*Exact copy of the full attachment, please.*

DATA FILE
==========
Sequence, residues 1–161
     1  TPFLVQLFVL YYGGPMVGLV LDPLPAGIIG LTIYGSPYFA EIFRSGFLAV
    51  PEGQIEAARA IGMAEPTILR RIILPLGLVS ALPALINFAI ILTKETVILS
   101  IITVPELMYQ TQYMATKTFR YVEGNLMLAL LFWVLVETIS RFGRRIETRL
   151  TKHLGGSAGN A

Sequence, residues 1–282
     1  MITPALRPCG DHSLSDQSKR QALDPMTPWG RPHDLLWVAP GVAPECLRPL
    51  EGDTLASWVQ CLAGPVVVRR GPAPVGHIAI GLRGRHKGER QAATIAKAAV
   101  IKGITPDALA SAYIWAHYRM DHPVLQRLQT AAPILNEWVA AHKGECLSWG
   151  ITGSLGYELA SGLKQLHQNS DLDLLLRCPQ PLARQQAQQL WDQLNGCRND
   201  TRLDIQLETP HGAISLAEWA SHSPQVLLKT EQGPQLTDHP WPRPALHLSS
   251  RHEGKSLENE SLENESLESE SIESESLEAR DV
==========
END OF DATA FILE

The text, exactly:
Sequence, residues 1–161
     1  TPFLVQLFVL YYGGPMVGLV LDPLPAGIIG LTIYGSPYFA EIFRSGFLAV
    51  PEGQIEAARA IGMAEPTILR RIILPLGLVS ALPALINFAI ILTKETVILS
   101  IITVPELMYQ TQYMATKTFR YVEGNLMLAL LFWVLVETIS RFGRRIETRL
   151  TKHLGGSAGN A

Sequence, residues 1–282
     1  MITPALRPCG DHSLSDQSKR QALDPMTPWG RPHDLLWVAP GVAPECLRPL
    51  EGDTLASWVQ CLAGPVVVRR GPAPVGHIAI GLRGRHKGER QAATIAKAAV
   101  IKGITPDALA SAYIWAHYRM DHPVLQRLQT AAPILNEWVA AHKGECLSWG
   151  ITGSLGYELA SGLKQLHQNS DLDLLLRCPQ PLARQQAQQL WDQLNGCRND
   201  TRLDIQLETP HGAISLAEWA SHSPQVLLKT EQGPQLTDHP WPRPALHLSS
   251  RHEGKSLENE SLENESLESE SIESESLEAR DV